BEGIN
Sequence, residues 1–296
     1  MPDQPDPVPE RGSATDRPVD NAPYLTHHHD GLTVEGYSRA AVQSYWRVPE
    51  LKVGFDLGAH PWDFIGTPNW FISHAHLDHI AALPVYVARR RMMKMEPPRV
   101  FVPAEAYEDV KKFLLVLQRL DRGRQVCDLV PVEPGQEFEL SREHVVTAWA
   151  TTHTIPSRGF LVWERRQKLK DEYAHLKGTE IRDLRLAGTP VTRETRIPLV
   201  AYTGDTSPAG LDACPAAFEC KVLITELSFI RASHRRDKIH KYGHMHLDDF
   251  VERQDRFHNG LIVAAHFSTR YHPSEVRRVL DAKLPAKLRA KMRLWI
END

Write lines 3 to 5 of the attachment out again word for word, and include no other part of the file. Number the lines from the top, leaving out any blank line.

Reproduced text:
    51  LKVGFDLGAH PWDFIGTPNW FISHAHLDHI AALPVYVARR RMMKMEPPRV
   101  FVPAEAYEDV KKFLLVLQRL DRGRQVCDLV PVEPGQEFEL SREHVVTAWA
   151  TTHTIPSRGF LVWERRQKLK DEYAHLKGTE IRDLRLAGTP VTRETRIPLV